You must also acknowledge extenuating circumstances out of your immediate control that can cause you to slip. I had to remind myself I have mental illness, life stress, and physical pain two-stepping on the 1 and 3 in my brain. Ever try to stay focused next to a tragic dancer? Shit’s damn near impossible. This also includes knowing that you still are going to fuck up sometimes no matter how well you plan. If you don’t, you’ll be the first person this side of modern history to ever get it all right.

Admit to yourself as soon as you see when things are getting rough for you. It is not a sign of weakness to admit you are tired or that you failed at something. Once you get to a point where you can at least internally say there is a problem, the easier it is to admit it to someone else. I wrote a poem ‘bout it, wanna hear it? Here it go...

a wise (wo)man once said:
i am tired.
and when (s)he admitted it
(s)he had her epiphany.
is just the big reveal
of what you knew all along.
but were too scared
to realize.

I know a thing that helped me not sink into depression with my latest misstep was to have the courage to tell someone. Immediately, they told me of the many times it happened to them. I shared my story in a private forum of women I belong to and my notifications lit up with stories of similar and worse adulting falls from grace. I even got stories from, you guessed it, the women I thought had it all together. No one is immune to messing up. The notion of perfection only exists in your mind.


If your life has a tendency to be chaotic, a huge step forward is getting assistance creating a system. Whether it is scheduling/time management, bill schedules, budgeting, and beyond, it is apparent that organization is not your wheelhouse. That just means it is imperative to connect with someone who is good at that sort of thing. The great part is you can ask someone to assist you in getting organized without even disclosing your specific issue. Even if you aren’t ready to talk to someone, you can Google how someone else did it. I guarantee you that there is nothing new under the sun and your search bar will populate before you even finish typing out the second word of your quandary. I swear Google is a mind reader and lowkey Big Brother, but that’s another article for another day.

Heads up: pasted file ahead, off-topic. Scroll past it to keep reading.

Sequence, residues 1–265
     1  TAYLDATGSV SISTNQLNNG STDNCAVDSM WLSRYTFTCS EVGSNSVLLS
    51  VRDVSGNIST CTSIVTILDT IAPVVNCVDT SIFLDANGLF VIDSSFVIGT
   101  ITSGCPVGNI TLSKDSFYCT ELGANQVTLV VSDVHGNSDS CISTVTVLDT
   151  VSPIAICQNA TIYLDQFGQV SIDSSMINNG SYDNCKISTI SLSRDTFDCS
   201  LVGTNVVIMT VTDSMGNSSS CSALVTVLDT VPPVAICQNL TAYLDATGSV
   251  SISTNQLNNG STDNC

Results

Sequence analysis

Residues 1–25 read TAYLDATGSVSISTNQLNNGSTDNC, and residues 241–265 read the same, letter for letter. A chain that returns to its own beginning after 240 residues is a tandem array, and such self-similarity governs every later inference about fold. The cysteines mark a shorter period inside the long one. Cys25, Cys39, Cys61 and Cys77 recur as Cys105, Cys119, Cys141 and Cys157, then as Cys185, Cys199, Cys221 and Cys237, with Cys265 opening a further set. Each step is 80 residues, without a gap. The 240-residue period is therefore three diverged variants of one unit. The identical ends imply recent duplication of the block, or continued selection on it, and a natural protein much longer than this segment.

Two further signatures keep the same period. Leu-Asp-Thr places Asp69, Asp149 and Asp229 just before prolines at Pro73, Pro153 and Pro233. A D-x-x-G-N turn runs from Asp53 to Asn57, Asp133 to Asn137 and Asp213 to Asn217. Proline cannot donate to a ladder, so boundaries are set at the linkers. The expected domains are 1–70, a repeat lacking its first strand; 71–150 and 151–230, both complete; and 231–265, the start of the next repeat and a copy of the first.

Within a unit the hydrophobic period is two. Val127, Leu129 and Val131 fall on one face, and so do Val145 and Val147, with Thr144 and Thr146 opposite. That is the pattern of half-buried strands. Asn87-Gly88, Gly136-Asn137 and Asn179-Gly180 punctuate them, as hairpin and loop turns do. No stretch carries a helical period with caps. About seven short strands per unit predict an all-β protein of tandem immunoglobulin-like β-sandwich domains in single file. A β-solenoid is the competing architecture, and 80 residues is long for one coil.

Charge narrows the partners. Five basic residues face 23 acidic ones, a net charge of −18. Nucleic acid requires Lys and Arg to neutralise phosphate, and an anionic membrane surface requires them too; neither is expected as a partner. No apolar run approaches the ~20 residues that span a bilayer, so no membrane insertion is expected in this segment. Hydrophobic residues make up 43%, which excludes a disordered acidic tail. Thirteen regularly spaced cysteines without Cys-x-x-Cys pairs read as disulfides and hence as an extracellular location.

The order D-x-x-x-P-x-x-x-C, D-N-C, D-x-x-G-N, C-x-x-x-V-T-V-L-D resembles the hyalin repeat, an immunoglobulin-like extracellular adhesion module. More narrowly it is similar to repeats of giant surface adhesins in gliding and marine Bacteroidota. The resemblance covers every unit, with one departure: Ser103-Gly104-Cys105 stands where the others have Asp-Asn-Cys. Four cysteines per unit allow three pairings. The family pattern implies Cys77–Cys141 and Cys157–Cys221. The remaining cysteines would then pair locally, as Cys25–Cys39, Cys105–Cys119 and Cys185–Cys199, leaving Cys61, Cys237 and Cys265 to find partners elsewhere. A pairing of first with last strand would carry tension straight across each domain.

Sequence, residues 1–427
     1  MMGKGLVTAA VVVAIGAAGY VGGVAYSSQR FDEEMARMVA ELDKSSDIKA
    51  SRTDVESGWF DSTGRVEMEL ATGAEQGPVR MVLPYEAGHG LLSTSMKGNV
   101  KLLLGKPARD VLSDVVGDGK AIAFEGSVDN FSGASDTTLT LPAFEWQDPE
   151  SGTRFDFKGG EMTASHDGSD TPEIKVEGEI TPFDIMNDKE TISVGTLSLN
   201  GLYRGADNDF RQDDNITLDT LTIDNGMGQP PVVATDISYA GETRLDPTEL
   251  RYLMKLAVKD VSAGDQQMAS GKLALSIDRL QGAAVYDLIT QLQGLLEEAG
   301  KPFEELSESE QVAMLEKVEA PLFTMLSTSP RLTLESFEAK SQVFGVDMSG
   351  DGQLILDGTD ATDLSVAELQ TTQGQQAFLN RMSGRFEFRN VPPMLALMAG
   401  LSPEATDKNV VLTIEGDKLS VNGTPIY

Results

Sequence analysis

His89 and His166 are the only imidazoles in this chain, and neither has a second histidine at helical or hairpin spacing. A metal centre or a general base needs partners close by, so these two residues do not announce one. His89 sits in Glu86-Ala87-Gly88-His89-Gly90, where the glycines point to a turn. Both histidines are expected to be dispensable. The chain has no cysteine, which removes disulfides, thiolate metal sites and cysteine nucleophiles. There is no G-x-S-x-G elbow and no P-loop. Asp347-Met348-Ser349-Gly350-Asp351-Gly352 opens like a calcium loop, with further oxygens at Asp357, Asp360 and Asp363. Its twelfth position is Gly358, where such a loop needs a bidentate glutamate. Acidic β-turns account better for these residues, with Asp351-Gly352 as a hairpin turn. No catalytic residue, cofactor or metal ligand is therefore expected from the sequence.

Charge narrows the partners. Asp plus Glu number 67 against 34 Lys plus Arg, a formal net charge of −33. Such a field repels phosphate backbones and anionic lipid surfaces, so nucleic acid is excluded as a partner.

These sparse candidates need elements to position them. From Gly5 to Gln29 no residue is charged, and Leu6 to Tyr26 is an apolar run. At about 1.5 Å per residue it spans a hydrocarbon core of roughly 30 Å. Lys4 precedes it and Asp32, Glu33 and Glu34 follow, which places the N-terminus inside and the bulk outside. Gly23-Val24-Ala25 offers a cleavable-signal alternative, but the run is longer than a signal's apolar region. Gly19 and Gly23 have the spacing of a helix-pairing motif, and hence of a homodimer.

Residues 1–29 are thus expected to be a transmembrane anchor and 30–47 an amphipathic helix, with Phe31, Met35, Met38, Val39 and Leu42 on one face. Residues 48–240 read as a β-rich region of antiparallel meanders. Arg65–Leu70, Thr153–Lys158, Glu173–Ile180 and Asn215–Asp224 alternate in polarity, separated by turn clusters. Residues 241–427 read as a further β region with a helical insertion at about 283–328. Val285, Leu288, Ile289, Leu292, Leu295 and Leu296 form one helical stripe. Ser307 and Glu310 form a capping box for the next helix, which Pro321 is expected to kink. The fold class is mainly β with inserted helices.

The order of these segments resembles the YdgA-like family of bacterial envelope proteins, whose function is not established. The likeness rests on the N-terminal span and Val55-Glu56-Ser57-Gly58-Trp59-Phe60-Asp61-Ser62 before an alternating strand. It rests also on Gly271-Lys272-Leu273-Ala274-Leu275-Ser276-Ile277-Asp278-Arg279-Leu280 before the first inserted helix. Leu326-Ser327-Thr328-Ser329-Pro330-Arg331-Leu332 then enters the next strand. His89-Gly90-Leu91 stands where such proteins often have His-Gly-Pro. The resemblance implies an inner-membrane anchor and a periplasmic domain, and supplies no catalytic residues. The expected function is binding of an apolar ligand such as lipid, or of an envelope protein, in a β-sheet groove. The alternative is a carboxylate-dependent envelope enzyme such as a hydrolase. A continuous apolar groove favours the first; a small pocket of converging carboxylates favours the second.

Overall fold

Getting your shit together is far from an overnight proposition, but it is not out of reach. You deserve the peace that comes from taking care of yourself and responsibilities; you can absolutely have it. Being a grown-up is hard, but I promise YOU GOT THIS BOO, you flawed, yet beautifully brilliant adult, you.

headshot 2017.jpg


Alise Leslie is a blogger, author of two poetry collections, public speaker, and mental health advocate currently residing in Durham, NC. She writes at the blog, “In My Mental Mind: a black girl’s mental health journey,” focusing on mental health issues, particularly for women and men of color, through essays, personal stories, poetry, and music.  Her lipstick game is most likely better than yours.

If you'd like to see what she's up to on the interwebs, you can find her here:

Listen to our lastest episode: